Another factor which supports the case for Smyly’s service in the bullpen is that another reliable arm would reduce the stress on the remaining starters by minimizing their workload.
Instead of allowing the starter to throw extra high-stress seventh inning pitches, for instance, the manager could call on Smyly or Chamberlain a few outs earlier, thereby decreasing the starter’s pitch count. This could pay dividends in the form of fresher arms in the postseason, should the Tigers make it that far.
Solid starting pitchers are hard to find, especially left-handers, and it appears the Tigers have a prized one in Drew Smyly. Though his reassignment to the bullpen would address an acute team need, his development as a starting pitcher would be retarded.
This is neither in his nor the team’s long – term interest.
There are also personal considerations attached to any move, as most pitchers, including Smyly, prefer to start.
After all, that’s where the money is – just ask Max Scherzer.
It goes beyond that, though, into the realm of personal pride and familiarity with the role, as virtually every pitcher at the major-league level began as a starter.
Though Drew Smyly appears to be a consummate team player, on a personal level his reassignment to the bullpen would have to be handled delicately.
The Bottom Line
Obviously, the overriding issue is who would assume the fifth slot in the starting rotation vacated by Smyly?
It’s a short list.
It starts and ends with Robbie Ray.
Ray, the 22-year-old Tennessean obtained from the Washington Nationals in the controversial Doug Fister trade, has pitched nicely at Triple-A Toledo. In 28 innings, he sports a 1.59 ERA, with 27 strikeouts and a WHIP of 1.13.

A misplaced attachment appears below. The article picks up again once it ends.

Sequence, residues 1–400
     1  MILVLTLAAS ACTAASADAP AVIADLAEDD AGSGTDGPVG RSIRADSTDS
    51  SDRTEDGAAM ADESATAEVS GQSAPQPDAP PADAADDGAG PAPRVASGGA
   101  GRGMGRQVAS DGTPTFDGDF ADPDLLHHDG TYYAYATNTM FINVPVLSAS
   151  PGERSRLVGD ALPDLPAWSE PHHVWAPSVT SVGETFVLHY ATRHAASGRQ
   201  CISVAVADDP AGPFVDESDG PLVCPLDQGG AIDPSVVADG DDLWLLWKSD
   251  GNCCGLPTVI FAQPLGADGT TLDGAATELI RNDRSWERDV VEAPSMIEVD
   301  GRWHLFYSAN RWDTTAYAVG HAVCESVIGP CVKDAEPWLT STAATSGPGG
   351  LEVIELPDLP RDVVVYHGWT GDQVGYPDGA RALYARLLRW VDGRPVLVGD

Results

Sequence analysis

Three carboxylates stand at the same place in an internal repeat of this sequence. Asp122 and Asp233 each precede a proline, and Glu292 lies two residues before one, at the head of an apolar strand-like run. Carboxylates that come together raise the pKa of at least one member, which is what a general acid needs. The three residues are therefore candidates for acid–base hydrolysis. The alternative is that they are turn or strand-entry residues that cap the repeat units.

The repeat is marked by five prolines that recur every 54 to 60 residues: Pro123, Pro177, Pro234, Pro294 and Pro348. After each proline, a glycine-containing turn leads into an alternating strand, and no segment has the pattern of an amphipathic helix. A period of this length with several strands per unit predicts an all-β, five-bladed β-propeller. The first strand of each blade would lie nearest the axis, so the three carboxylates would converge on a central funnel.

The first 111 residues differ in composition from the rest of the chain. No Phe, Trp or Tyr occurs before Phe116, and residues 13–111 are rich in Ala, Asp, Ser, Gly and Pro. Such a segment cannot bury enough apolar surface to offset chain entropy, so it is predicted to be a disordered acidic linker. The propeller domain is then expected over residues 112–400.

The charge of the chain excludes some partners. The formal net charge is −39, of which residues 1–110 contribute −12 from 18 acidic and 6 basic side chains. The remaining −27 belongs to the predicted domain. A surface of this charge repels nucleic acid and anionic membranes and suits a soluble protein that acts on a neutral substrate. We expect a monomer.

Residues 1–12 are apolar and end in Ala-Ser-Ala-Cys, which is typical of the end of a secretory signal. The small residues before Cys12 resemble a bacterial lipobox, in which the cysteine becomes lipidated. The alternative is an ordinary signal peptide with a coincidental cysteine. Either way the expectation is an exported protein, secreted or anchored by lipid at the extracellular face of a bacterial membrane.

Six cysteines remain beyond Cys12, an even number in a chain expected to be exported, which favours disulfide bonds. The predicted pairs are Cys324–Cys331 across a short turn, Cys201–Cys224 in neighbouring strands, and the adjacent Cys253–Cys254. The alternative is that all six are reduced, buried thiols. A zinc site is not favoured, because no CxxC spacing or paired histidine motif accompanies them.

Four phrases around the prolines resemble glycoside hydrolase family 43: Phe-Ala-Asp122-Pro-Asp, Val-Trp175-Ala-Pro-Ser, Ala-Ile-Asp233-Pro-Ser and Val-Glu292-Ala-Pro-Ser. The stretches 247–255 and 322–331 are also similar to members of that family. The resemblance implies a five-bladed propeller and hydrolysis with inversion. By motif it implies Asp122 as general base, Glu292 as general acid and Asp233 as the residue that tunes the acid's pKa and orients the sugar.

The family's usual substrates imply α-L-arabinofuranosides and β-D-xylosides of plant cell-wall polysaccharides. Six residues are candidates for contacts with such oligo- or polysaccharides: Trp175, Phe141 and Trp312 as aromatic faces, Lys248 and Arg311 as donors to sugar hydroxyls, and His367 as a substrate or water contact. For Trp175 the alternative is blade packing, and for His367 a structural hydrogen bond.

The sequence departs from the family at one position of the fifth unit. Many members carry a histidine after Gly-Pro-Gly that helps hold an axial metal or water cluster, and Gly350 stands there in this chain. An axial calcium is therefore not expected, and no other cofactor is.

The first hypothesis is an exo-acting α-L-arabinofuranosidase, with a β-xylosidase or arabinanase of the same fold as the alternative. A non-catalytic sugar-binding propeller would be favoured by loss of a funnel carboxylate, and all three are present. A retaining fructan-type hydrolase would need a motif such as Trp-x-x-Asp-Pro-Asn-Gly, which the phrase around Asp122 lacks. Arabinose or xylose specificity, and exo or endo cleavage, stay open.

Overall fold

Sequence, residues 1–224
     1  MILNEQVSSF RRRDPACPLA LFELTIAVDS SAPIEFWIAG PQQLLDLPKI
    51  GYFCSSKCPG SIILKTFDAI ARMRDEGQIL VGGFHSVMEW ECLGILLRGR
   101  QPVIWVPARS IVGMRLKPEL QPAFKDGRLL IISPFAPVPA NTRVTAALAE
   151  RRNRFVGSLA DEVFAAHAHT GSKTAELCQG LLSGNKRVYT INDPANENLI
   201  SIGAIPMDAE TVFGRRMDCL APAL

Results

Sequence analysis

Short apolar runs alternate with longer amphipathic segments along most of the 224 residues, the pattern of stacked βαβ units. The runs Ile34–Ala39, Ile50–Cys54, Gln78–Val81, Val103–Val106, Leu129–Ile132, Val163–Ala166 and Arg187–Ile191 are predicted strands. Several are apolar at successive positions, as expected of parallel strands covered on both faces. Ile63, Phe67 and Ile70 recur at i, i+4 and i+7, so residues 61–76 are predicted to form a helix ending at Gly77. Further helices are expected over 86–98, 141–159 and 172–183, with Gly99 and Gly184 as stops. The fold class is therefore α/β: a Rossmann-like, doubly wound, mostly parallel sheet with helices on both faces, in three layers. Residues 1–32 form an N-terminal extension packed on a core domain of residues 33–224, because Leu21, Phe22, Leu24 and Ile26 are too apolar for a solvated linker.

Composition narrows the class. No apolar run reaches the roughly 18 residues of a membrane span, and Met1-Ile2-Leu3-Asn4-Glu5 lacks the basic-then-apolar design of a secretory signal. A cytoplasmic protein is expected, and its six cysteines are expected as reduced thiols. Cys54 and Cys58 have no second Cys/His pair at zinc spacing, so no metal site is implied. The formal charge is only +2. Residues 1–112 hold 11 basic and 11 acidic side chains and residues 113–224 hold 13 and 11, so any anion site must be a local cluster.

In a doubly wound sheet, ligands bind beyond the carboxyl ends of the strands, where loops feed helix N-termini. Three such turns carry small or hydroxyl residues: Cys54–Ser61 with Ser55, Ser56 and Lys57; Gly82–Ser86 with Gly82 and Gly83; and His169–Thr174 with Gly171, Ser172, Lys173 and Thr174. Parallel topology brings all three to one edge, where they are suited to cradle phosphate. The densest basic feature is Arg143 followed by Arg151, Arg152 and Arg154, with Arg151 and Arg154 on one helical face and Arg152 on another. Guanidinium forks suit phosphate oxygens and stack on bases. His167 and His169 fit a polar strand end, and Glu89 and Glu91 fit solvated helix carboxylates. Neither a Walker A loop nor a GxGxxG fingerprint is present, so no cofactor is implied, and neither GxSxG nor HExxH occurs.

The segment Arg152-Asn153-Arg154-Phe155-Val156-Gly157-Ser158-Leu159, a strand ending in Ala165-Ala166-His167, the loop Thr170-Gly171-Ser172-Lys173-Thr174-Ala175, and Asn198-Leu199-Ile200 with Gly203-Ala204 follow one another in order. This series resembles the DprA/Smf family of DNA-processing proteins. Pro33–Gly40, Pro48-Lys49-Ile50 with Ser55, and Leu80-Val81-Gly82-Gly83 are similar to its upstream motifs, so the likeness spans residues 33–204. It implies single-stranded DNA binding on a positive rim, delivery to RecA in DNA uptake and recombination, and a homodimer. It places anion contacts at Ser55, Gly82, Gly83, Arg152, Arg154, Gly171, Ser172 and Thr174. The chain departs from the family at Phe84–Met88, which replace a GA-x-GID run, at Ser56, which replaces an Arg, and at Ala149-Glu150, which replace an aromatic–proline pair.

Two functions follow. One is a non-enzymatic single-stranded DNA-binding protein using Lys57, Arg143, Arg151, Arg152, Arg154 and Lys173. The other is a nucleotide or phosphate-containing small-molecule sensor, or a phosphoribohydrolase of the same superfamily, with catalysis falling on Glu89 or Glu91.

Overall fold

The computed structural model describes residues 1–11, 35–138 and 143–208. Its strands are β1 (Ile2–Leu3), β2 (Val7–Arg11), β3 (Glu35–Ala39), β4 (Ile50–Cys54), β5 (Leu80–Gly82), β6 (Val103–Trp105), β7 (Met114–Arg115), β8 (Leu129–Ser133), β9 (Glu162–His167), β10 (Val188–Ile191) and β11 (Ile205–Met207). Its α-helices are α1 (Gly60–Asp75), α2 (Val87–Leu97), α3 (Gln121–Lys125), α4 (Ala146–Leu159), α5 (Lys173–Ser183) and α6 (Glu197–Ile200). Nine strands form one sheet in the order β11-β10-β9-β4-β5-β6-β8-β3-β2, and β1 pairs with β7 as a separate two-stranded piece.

With Anibal Sanchez on the 15–day DL, Ray will be promoted to the big club on Tuesday for a couple spot starts, which will doubtless be studied very closely by the Tiger brass.
Despite his high-profile resulting from the Fister trade, Tiger fans should temper their expectations. Due to his youth and paucity of high minor-league experience, it’s probable Ray will start off slowly as a major-leaguer, at least at this point.
In which case he’ll promptly be returned to Toledo for further development and Drew Smyly will remain the fifth starter when Sanchez returns.
This is the most likely scenario.
But what if his level of performance (whether now, in June, or whenever) suggests he can hold his own at this level?
Things then become interesting.
As argued above, this would allow Smyly to bolster the bullpen without a dramatic drop off in quality from the ranks of the fifth starting slot, which would be held down by Ray.
Though perfect scenarios such as these don’t often materialize, they are possible.
If this is one of those occasions, it would be a most pleasant sight indeed.